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I understand (in the layman's sense) that properties of an individual element are mainly derived from characteristics of its outer shell electrons...e.g., why is zinc so different from copper when they differ by only one proton and electron. My question is this: (although it is physically impossible, I assume) could you swap one random particle (proton, electron, quark) from a random tungsten atom, say, with the same type of particle from a random antimony atom, with there being no difference whatsoever in either of the resulting atoms' properties and characteristics?

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You are correct, the swap would make no difference as long as the swapped particles went into the same quantum states (electron shells) that were previously occupied. Furthermore, when theorists calculate the states of multi-electron atoms, they have to take into account that all the electrons could be interchanged within the atomic shells without affecting the result. This leads to an electron-electron interaction term called the exchange interaction that has to be included along with the regular electomagnetic interaction between electrons when doing the calculations. The exchange interaction is a completely quantum mechanical interaction that has no counterpoint in classical physics.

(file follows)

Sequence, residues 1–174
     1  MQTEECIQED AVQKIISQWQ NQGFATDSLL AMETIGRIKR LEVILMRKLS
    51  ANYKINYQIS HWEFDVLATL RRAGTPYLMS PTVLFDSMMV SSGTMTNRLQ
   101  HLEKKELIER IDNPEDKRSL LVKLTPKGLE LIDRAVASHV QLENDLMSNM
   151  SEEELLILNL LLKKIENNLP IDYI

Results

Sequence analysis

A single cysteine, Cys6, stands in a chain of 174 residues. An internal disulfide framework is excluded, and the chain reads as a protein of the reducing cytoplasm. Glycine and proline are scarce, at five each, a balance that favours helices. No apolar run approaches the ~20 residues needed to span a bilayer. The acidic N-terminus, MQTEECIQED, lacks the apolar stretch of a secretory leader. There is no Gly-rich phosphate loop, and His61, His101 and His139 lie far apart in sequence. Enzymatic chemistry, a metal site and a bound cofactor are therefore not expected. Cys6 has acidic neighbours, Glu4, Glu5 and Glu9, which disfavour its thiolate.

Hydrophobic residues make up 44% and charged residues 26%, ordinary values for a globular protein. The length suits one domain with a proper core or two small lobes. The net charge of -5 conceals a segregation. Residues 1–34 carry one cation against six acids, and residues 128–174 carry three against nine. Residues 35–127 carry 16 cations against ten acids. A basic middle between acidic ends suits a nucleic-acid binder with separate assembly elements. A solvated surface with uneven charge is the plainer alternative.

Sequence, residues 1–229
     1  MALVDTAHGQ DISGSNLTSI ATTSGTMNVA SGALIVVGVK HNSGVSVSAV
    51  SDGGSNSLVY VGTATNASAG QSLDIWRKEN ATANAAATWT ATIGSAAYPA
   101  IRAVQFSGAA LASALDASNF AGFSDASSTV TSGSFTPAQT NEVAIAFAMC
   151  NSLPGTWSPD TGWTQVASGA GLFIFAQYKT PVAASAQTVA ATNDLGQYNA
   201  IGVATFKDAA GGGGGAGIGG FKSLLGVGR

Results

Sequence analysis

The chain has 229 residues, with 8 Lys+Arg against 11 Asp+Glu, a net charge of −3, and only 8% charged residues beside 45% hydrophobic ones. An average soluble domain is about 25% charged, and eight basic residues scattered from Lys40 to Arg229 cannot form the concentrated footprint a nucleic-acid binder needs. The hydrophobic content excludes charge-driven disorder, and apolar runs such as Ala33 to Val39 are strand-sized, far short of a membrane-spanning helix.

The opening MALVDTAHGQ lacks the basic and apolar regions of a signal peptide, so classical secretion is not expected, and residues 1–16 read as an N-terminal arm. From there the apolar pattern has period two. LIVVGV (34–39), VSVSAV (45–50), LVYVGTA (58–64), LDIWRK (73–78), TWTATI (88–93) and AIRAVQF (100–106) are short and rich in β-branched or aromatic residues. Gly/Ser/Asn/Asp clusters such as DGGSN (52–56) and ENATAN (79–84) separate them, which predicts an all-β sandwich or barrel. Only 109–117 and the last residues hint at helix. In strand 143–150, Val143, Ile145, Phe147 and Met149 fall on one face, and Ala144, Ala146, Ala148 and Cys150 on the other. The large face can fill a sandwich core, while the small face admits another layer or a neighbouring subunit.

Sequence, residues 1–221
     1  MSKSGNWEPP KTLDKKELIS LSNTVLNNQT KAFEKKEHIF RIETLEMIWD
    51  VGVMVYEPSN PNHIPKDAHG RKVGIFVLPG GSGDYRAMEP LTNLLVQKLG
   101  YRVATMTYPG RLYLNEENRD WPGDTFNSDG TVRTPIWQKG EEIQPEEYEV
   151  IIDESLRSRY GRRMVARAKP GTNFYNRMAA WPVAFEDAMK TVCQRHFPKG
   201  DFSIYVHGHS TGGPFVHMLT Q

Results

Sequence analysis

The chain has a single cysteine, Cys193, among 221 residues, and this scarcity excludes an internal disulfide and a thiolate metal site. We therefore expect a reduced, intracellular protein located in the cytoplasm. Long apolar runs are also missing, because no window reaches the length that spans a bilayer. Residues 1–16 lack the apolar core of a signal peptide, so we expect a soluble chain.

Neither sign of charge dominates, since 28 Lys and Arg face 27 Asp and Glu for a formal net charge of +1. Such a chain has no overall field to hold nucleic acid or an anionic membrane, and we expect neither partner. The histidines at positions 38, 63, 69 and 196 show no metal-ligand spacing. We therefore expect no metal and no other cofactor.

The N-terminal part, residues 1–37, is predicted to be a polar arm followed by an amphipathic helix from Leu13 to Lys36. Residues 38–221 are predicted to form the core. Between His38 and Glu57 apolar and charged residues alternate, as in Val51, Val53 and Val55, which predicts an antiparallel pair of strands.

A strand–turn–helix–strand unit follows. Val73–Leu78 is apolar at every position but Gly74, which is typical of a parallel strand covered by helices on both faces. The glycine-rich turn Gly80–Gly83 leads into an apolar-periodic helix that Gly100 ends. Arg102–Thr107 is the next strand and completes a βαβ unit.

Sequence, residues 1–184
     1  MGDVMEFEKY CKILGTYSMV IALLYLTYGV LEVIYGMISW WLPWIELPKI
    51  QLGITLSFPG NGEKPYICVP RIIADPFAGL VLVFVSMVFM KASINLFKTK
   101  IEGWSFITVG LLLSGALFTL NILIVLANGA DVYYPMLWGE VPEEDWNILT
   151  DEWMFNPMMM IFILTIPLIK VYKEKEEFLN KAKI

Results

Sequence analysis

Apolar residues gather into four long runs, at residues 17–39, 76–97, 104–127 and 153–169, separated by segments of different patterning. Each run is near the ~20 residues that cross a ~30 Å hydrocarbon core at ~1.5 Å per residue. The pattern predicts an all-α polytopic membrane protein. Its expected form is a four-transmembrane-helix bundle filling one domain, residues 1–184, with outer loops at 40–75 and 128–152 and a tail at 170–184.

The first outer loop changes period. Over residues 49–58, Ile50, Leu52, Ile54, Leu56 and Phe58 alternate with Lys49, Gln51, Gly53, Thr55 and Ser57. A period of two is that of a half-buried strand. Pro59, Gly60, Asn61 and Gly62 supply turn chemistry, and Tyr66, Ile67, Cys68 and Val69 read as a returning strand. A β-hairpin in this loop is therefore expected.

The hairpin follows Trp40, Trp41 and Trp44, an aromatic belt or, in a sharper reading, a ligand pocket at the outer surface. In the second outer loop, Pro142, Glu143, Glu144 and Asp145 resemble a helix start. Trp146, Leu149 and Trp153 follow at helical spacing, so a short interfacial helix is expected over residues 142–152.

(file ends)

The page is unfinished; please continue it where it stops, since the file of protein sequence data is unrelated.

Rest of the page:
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  • $\begingroup$ so actually what you mean is that this would NOT work with an electron from the 5th tungsten shell with an electron from the 4th antimony shell, correct? Like having Aaron Rogers take Clay Matthews' place and vice versa would not work, whereas it would work if he swapped with Tom Brady? $\endgroup$ – charlie K3 Jan 31 '17 at 21:05
  • $\begingroup$ Either case works, but exchanging electrons between different atoms is less likely to happen than within an atom. It would, nevertheless, contribute to the interaction between atoms. $\endgroup$ – Lewis Miller Feb 1 '17 at 0:59

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